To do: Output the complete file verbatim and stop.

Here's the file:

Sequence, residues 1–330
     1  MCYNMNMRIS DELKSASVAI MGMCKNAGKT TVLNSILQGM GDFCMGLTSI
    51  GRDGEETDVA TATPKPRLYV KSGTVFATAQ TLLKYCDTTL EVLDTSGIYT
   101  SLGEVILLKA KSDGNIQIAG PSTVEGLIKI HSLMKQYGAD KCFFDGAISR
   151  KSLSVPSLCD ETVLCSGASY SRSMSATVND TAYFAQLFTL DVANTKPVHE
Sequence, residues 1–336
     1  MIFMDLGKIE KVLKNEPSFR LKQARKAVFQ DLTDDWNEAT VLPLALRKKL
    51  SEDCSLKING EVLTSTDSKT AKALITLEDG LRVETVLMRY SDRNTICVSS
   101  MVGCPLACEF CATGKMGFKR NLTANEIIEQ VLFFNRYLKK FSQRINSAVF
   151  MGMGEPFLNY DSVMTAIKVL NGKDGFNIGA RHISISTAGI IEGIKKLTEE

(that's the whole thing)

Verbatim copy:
Sequence, residues 1–330
     1  MCYNMNMRIS DELKSASVAI MGMCKNAGKT TVLNSILQGM GDFCMGLTSI
    51  GRDGEETDVA TATPKPRLYV KSGTVFATAQ TLLKYCDTTL EVLDTSGIYT
   101  SLGEVILLKA KSDGNIQIAG PSTVEGLIKI HSLMKQYGAD KCFFDGAISR
   151  KSLSVPSLCD ETVLCSGASY SRSMSATVND TAYFAQLFTL DVANTKPVHE
Sequence, residues 1–336
     1  MIFMDLGKIE KVLKNEPSFR LKQARKAVFQ DLTDDWNEAT VLPLALRKKL
    51  SEDCSLKING EVLTSTDSKT AKALITLEDG LRVETVLMRY SDRNTICVSS
   101  MVGCPLACEF CATGKMGFKR NLTANEIIEQ VLFFNRYLKK FSQRINSAVF
   151  MGMGEPFLNY DSVMTAIKVL NGKDGFNIGA RHISISTAGI IEGIKKLTEE